I want to thank all the folks from the McCain and Obama campaigns who contributed here the past two weeks during the conventions. Good chance to hear the different views. The Obama folks stuck around until today because last Monday was a holiday and we were slow loading posts up. But now it’s all over and regular programming will resume.
Still, despite today’s announcement, all the back and forth, and although there is some debate among Democrats and among education reformers more generally I still don’t see education emerging as a major issue in this race. For starters it’s not an especially compelling single-issue for voters. Although I haven’t seen the question asked yet in this cycle, in general fewer than 10 percent of voters say that they’d vote for/against a presidential candidate solely because of their educational views in past elections. In other words people say they care about it but they don’t vote it in national elections. In addition, this year in different ways the issue works against each candidate at least as much as it works for them. But, the election looks like it will remain close for at least a while, at least in the national polling, so almost every major issue does matter somewhat.
In terms of the election more generally, the Eduwife and I watched Obama’s acceptance speech live in Denver at Invesco and while in my view it wasn’t one of his best speeches, it clearly made the case for change. The night was, however, a political moment unlike any other I’ve seen and quite a remarkable and moving one in the context of this country’s racial struggles. But, looking at the national numbers, Obama still seems to have not yet cleared the acceptance hurdle with a lot of voters and that’s his task between now and November. Uncertainty, however, is an easier task in politics than opposition.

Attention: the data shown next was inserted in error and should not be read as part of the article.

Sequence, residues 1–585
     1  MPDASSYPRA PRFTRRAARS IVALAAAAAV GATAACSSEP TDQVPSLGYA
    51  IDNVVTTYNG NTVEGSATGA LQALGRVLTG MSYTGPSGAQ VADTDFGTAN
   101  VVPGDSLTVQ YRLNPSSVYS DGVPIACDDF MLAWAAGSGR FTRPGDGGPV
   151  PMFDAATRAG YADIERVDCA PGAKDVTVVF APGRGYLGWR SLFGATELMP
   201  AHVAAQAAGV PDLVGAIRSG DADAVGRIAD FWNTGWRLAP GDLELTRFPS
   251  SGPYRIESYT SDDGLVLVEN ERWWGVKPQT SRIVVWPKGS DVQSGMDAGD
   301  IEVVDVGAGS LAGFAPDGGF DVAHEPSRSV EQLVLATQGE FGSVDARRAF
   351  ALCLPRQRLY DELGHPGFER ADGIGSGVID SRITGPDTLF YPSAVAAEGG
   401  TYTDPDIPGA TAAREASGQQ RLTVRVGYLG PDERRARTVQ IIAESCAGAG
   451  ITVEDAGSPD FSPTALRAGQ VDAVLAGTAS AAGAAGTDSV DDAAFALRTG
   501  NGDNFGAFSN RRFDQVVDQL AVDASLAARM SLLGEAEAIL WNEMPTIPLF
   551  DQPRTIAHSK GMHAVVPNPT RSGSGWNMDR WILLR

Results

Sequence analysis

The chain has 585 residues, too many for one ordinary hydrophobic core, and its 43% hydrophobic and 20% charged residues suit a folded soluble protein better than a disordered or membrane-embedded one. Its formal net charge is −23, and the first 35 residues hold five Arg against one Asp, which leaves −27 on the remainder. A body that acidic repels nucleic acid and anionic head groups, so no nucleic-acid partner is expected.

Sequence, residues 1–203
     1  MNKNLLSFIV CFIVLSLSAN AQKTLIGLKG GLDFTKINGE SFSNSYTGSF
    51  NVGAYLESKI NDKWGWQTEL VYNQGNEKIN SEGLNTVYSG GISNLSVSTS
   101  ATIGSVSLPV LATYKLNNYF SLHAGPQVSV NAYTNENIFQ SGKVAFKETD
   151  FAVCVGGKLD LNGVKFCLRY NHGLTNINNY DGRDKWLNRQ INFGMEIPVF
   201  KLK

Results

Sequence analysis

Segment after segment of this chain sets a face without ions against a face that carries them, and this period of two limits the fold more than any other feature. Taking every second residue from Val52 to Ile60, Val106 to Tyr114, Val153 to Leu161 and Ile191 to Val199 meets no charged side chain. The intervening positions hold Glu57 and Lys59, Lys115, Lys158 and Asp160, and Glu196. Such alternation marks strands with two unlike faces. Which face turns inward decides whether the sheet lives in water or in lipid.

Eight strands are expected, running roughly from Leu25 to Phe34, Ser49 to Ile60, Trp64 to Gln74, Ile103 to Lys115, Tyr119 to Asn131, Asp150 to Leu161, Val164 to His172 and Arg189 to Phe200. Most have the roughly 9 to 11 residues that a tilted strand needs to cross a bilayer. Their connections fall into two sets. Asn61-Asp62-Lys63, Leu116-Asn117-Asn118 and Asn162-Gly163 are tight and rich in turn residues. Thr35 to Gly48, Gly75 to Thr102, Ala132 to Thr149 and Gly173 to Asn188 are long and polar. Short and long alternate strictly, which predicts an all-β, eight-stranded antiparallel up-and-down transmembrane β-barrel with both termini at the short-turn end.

McCain’s speech on the other hand seemed like a huge missed opportunity for him in what is still an environment structurally favoring Democrats. He made a passionate case for his willingness to fight for his country in every way, but offered little by way of specifics about how he would do that. Even his education lines, which were among the more specific-laden of the speech, didn’t explain how he’d persuade Congress to work with him. Say what you want about George Bush, he did succeed in bringing his party to heel on education, something that is not easy. Just ask his dad.
Consequently, by making an argument for change without specifics I don’t think McCain pivoted from his party as much as it appears now and likely opened the door for a lot of moderates and independents to say to themselves over the next two months that while John McCain is a great American and a genuine hero, he just doesn’t seem to be a good fit for the job of president in these times. In other words, while they dread the prospect of his concession speech they dread more a victory address and four more years anything like the last four. That soft pushback, rather than some sort of vilification or outright rejection of John McCain is his vulnerability.
That’s good news for Obama who can drill on the issues between now and November, take advantage of a favorable issue and political environment, and not have to win a hero contest with McCain or an excitment contest with Governor Palin. But, still, despite all the intensity around our little issue of schools, it matters relatively little to the bigger dynamics that the race will turn on between now and Election Day.
By the way, as an aside, we’re hearing a lot about “Wal-Mart moms” this cycle, especially in the wake of the Palin pick. But a bigger split, now likely to be driven by the Palin pick, is between Cabelas-voters and L.L. Bean-voters. And that’s one where Democrats should tread carefully as Obama obviously gets based on how he’s handling this. If you’re familiar with L.L. Bean and saying, “Cabelas, I don’t know anyone who shops at Cabelas”, well, that’s the point. Cabela’s revenue outpaces L.L. Bean’s by about 30 percent.